The first phase has continued to play out well. Last year’s pain in fixed income provided an opportunity going forward—yields across most, if not all, fixed-income instruments, regardless of maturity, type, or credit quality, haven’t been this high in quite some time. This has allowed investors to benefit from the yield provided by the bond or “clipping the coupon.” We believe the sweet spot is currently in investment-grade bonds, those rated BBB or above, in Canada or the U.S. For these bonds, it's not just about the yield but about the potential for capital gains, given that the average price is approximately $88 and the majority mature at $100.

Average price for U.S. investment grade bonds
This chart shows the average price for U.S. investment-grade bonds from 1990 to August 30, 2023. The cart indicates a decline in the average price since 2020.

Source: Bloomberg, Macrobond, Manulife Investment Management, as of August 30, 2023.

As noted above, we expect economic conditions to weaken, and we’re likely going to see a recession in both Canada and the U.S. We’re also getting close to the end of the Bank of Canada and the Fed rate-tightening cycles. Although, there’s no specific transition from one phase to the other, the weaker economic data is signaling that we’re nearing the second phase.

In this second phase, we want to begin embracing longer-duration and higher-quality fixed-income instruments, such as 10-year U.S. Treasury bonds. As the market starts to expect an elevated risk of recession, yields tend to fall. Since 1976, when the U.S. was in a recession, the 10-year U.S. Treasury yield fell by 35% on average. This means that the duration risk that was a headwind to bond returns as yields rose (remember that there’s an inverse correlation between yields and price) eventually becomes a tailwind. This is when the bond math kicks in, as the combination of longer duration and increase in price as yields fall tends to enhance bond returns.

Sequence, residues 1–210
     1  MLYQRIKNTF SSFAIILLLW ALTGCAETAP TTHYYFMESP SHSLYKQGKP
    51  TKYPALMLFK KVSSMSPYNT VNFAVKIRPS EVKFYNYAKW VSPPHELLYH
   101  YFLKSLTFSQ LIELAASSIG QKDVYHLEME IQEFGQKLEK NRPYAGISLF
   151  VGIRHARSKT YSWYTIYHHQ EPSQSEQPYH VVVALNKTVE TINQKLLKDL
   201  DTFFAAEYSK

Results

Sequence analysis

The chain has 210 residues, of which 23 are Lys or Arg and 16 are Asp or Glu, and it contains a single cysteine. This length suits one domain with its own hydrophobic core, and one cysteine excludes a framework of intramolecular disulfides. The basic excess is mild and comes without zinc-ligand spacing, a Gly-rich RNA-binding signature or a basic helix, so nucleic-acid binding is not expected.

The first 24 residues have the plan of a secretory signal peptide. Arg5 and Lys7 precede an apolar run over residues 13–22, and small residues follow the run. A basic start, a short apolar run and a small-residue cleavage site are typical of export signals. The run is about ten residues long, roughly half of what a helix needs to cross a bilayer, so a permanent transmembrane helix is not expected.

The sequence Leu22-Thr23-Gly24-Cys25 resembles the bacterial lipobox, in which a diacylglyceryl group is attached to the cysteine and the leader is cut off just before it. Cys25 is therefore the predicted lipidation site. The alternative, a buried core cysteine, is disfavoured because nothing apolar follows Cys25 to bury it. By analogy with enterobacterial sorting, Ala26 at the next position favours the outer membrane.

Yields tend to fall when recession risk rises

Here’s a chart that compares the percentage yields of the 2-year U.S. government bonds to the 10-year U.S. government bonds, from 1978 to August 31, 2023.

Source: Macrobond, Manulife Investment Management, as of August 31, 2023

In phase two, by increasing duration and quality while transitioning to longer-dated government bonds, investors could potentially be mitigating risk while also likely increasing their return opportunity. However, the elevated levels of volatility in the Treasury curve, show how important it is to be flexible and active when managing fixed income. It’s not as simple as choosing to be short or long duration.

High-yield corporate credit has been one of the best-performing fixed-income asset classes year to date. However, we believe investors should exercise caution here. While there are attractive individual opportunities, the broad asset class isn’t reflecting the weaker economic environment.

The U.S. Conference Board’s Leading Economic Index (LEI) is now at levels not seen since COVID and the Global Financial Crisis before that. Historically, at these levels of LEI, high-yield spreads have been closer to 1000 bps, not below 400 bps where they find themselves today.